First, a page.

Do all 72 parts of the Storyform have to be in there to effectively make an argument?
Theme encoding involves three acts; in each the main thesis vs. antithesis is presented within a sub-thesis/antithesis. The sub-thesis/antithesis can be argued six different ways--that's eighteen arguments. Multiply that by the four through lines for an astounding 72 arguments. I'm overwhelmed!
Am I missing something here?
What Dramatica theory is doing then is forcing me as an author to develop extensive arguments for and against the main thesis/antithesis, with three main sub-thesis/antithesis areas to explore in four different contexts. Do I have this right?
I wasn't thinking of writing a 400 page novel here! Is there any way to simplify at all? Do ALL of the 72 arguments need to be there? (Again, what if I leave out one throughline?)
Your question concerns the quantity of information that can be necessary to completely explore the thematic arguments in a story. You ask, do all 72 arguments (interactions) need to be there? The answer is, yes and no. To completely argue the thematic issue, all of its relevant positions need to be made. HOWEVER, the depth to which this is done is COMPLETELY at your discretion. For example, you can illustrate Self Interest v. Morality in a single sentence or observation: "I slave day in and day out for our family, never taking any time for myself, and all you think about is getting more money so that you have a nose job!" That simple example (I have no idea where it came from) could easily act as the exploration of one of the 72 thematic issues. If you're an adept and clever writer, you can be far more original and succinct in your own examples.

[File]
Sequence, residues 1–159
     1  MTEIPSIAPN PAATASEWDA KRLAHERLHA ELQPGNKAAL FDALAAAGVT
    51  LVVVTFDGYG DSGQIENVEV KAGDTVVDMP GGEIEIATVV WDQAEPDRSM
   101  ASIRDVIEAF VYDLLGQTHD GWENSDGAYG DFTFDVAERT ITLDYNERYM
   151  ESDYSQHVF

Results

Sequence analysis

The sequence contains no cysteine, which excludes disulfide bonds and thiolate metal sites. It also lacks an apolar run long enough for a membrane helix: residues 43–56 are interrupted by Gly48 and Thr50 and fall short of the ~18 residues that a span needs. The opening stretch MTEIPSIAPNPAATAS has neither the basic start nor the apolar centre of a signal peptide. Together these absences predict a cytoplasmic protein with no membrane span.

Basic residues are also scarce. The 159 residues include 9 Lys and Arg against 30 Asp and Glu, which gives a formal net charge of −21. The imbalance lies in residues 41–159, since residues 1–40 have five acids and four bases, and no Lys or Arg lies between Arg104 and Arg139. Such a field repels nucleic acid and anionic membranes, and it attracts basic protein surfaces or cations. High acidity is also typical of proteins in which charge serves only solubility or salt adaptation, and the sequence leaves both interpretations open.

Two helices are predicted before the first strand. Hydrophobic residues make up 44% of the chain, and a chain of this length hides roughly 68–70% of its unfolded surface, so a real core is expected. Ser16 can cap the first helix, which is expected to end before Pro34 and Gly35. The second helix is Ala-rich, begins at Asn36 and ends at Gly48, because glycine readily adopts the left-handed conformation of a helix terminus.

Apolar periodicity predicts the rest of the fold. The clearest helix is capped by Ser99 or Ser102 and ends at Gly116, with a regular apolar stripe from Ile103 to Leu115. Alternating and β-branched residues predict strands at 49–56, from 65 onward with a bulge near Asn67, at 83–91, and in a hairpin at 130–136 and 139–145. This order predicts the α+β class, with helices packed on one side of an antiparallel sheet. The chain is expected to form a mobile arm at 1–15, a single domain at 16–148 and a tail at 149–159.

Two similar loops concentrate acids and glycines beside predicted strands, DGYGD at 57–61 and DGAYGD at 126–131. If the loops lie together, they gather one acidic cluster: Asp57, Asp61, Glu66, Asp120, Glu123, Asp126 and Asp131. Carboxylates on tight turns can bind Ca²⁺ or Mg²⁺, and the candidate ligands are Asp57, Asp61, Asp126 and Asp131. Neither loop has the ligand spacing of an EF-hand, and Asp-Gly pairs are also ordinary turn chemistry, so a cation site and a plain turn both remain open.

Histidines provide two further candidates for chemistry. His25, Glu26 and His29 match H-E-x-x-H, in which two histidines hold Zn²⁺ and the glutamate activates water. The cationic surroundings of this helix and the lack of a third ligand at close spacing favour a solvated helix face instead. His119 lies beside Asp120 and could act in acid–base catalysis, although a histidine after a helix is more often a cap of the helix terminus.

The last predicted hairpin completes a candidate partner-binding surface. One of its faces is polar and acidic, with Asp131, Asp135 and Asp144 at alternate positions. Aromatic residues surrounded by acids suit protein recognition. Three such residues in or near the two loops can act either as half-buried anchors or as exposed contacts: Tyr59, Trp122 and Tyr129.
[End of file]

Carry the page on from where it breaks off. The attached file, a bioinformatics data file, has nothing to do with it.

Whatever you do, at least address the thematic conflicts in each of the four throughlines. Otherwise an entire aspect of your story will be noticeably absent.